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Pertussis (whooping cough)

This work is part of the NIHR-funded MEMVIE project.

Pertussis is a highly infectious respiratory illness, caused by the bacterium Bordetella pertussis. Its main symptom is bouts of uncontrollable, violent coughing, giving it the nicknames "whooping cough" and "the hundred-day cough". It is particularly dangerous for infants, and can be fatal for newborn babies. A vaccination program has been in place in the UK for sometime now, the vaccine given along with those for tetanus and polio, as the DTP vaccine.

There was a large spike in the number of pertussis cases in 2012; it is thought that this was caused, at least in part, by a reduction in childhood vaccination in the 1970's after a vaccine scare over the possible side-effects of the vaccine. Following this a maternal vaccination scheme was implemented in 2012/13, to confer vertical immunity to newborn babies from the mother.

Early work by the MEMVIE team examined the likely impact and cost-effectiveness of additional "cocooning" strategies, where other household members are vaccinated to protect newborn infants. We have performed a cost-effectiveness analysis of this strategy, compared with the maternal vaccination program already in place, and shown that it offers limited benefit and is not cost-effective. This work has been presented to JCVI and a manuscript has been submitted to Archives of Disease in Childhood.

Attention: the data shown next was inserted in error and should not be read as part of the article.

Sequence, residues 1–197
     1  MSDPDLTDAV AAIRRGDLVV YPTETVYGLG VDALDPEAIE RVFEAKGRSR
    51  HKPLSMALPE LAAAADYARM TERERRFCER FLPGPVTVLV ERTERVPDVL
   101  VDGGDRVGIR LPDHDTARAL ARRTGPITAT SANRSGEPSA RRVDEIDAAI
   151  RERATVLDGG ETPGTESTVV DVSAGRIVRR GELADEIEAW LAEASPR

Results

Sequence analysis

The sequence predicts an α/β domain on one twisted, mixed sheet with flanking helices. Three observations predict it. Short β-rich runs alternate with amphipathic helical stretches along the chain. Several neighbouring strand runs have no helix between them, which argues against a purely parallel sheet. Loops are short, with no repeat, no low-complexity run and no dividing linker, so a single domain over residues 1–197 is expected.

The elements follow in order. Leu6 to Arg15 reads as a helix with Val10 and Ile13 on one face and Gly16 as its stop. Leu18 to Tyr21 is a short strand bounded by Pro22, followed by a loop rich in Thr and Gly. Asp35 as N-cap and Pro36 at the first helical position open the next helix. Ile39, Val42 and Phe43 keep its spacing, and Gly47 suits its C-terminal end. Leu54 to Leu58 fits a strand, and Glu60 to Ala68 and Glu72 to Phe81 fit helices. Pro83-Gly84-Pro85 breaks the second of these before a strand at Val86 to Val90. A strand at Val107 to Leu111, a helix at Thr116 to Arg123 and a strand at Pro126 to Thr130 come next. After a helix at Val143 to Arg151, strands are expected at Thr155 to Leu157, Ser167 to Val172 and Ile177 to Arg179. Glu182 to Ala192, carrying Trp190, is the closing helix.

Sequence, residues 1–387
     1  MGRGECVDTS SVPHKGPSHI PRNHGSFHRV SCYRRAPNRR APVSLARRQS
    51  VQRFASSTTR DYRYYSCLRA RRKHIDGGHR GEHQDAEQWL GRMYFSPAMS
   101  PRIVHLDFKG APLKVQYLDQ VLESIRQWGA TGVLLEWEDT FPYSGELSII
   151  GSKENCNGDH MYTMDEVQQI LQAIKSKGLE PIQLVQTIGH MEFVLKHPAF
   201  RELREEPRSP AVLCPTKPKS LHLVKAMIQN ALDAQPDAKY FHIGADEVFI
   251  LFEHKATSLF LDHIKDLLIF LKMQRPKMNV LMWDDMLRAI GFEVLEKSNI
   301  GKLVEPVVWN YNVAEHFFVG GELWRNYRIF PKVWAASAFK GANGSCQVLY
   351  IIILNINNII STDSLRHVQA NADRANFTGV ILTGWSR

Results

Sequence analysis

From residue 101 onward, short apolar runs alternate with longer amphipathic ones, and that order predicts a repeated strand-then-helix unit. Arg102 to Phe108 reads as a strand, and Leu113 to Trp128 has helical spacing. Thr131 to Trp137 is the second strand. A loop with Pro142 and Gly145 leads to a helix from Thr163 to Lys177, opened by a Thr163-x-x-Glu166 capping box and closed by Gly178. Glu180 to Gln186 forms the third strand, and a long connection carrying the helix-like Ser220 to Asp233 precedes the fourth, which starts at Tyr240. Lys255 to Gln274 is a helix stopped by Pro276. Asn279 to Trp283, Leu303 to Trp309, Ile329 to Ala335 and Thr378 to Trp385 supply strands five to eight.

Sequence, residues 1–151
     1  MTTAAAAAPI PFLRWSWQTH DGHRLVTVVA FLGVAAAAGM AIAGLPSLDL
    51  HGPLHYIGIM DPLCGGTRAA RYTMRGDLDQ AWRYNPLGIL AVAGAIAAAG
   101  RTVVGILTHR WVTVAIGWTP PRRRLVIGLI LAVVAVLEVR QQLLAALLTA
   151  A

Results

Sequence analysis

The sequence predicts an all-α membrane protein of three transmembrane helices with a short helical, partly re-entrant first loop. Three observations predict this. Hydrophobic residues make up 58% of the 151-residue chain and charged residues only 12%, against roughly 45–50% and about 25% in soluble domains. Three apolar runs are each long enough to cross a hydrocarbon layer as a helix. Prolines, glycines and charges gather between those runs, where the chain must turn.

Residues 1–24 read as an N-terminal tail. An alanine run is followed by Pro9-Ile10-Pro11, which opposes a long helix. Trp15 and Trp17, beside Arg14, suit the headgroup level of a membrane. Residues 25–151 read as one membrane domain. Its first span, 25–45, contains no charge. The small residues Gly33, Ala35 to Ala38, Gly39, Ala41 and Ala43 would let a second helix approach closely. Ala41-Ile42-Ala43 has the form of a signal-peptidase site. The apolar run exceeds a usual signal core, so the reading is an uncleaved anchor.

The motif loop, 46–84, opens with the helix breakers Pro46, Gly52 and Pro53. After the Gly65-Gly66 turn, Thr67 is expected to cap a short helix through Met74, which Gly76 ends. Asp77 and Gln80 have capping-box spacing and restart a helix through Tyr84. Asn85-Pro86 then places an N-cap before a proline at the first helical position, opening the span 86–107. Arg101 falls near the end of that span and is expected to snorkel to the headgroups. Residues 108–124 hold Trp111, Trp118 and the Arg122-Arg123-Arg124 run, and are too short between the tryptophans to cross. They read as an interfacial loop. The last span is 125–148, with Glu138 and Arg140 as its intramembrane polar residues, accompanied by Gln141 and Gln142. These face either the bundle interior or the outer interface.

Associated publications
  1. Datta S, Pink J, Petrou S & Keeling, MJ. An economic evaluation of a cocooning strategy for pertussis vaccination in England and Wales. (Submitted)

A 6-year project funded by NIHR to provide advice to JCVI.

Researchers involved:


Matt Keeling (Professor, joint between Warwick Mathematics Institute and School of Life Sciences)


Stavros Petrou (Professor in Health Economics, Warwick Medical School)


Graham Medley (Professor, London School of Hygiene and Tropical Medicine)

Sophie Staniszewska

Sophie Staniszewska (Leader of Patient and Public Involvement, Warwick Medical School)


Martin Underwood (Director of Clinical Trials Unit, Warwick Medical School)


Ed Hill (Postdoctoral researcher, Warwick Mathematics Institute)